Tag Archives: Restraining Orders

Holding it Together

Our Civil Code is very big on family.  And even though it was first written over 200 years ago, a basic principle of our family law is that children benefit from the care of both parents.  The law requires that parents make an effort to foster good relations between themselves and their children.  Parents are required to take care of their kids, and, incidentally, children have a duty to take care of their parents.

Somehow, though, when the subject of visitation comes up, there always seems to be an excuse as to why the other parent should not see their children:

“I’ve never gotten a dime in child support!”  

“He/she doesn’t deserve to see his/her kids!”

“We always argue when we see each other, and it’s better if he/she just stays away.”

I find that a lot of parents are mistaken on issues of custody law.  A parent with physical or domiciliary custody over his or her children does not have the right to put up barriers that keep children from knowing both parents.  It doesn’t matter if one parent has been negligent in paying support or if you still have your differences since breaking up.  The law wants you to work things out for the benefit of your children, and the law will help to facilitate the mending of broken family ties.

The child support question and “earning” the right to see a child

Does a parent have to pay child support?  Absolutely.  Does a parent’s failure to pay child support affect his or her right to visitation?  Not at all.  These are two entirely different matters in the eyes of the law.  Although frustrating to have a parent withhold support, the law provides a process by which child support can be collected by the State, so as far as it’s concerned that issue is being taken care of.  In the meantime, the law still requires parents to facilitate a relationship between children and both of their parents.  In other words, failure to pay support is not an excuse to remove visitation privileges.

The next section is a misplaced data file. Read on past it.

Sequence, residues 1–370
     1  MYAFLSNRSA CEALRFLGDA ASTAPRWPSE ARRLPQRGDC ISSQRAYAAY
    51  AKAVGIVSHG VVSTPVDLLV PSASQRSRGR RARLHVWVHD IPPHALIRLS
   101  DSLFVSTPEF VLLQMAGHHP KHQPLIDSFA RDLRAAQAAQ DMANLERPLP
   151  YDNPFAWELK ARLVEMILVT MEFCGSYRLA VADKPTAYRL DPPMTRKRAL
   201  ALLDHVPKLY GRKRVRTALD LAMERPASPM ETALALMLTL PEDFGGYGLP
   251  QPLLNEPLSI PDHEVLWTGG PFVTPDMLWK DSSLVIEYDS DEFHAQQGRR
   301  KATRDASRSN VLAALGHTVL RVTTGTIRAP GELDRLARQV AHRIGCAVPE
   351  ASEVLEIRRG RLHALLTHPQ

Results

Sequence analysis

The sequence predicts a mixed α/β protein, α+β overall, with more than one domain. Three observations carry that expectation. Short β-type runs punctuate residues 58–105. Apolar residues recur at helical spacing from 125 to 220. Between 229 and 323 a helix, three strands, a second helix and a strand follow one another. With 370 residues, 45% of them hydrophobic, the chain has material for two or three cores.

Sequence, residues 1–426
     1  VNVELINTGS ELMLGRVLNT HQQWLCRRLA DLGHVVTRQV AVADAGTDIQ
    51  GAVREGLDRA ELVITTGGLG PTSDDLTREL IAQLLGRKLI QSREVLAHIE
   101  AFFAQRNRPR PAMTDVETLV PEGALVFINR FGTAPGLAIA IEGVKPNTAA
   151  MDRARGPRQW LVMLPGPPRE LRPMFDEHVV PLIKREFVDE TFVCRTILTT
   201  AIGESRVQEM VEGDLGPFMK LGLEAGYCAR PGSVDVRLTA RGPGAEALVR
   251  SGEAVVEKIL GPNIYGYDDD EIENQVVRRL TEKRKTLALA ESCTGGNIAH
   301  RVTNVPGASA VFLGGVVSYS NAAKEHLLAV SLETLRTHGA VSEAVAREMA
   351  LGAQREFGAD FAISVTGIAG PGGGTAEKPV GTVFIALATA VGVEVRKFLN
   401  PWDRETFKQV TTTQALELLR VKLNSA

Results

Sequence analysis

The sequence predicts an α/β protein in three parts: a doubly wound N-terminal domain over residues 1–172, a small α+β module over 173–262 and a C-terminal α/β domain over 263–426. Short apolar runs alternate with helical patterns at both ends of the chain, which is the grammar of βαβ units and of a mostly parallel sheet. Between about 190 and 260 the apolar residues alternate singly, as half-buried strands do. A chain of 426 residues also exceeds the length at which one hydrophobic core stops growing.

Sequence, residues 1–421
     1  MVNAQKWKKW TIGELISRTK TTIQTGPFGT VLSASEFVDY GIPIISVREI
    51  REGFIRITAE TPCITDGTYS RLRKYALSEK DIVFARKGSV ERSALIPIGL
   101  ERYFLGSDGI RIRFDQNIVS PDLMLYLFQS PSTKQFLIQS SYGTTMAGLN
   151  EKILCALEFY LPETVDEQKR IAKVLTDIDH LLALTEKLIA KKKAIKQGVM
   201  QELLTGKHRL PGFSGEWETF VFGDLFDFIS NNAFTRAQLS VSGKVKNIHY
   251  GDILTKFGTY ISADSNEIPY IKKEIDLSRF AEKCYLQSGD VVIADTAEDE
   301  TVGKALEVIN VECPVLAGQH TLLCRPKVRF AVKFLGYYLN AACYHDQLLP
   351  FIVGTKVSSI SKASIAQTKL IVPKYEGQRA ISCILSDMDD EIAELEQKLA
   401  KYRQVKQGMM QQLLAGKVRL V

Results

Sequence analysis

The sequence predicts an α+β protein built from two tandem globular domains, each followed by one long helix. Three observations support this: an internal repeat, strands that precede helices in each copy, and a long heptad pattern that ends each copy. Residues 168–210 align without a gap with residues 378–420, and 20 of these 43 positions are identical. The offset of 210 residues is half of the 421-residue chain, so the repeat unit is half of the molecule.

Parental conflict as a barrier to parenting

Obviously if a parent is talking to me instead of the person he or she had a child with, there’s a conflict problem.  I certainly try to minimize conflict between parents when I can, and emphasize the importance of clear communication when dealing with the children they have in common.  The reason I do that is the law requires parents to not only communicate, but takes into account the extent to which a parent is willing to reach across the divide and keep the relationship between the child and the other parent alive.

Now, please understand that I am not talking about domestic violence here.  If you are in a situation where you or your children are in danger of harm because of violent behavior between you and the other parent, allow the court to resolve the issues involved.  You may need a protective order to help keep the peace, and supervised visits may be ordered to protect the children if the court feels it is necessary.  The court may also want to order counseling for you and the children to help the family cope with and prevent family violence.

You need a caring, trusting advisor in child custody and visitation cases

No matter what the underlying problem is, the two of you have a child together, and until that child is grown you will both have to make concessions in the best interest of that child.  That’s hard advice to swallow, but with a caring, trusted advisor on your side you can make the tough decisions the law requires you to make.

Meneray Family Law does nothing but work with family members to resolve these and other important family law matters.  Call Liz Meneray for a consultation today at (504) 330-5522 or e-mail her at liz@menerayfamilylaw.com.

And enjoy your kids, they grow up so fast!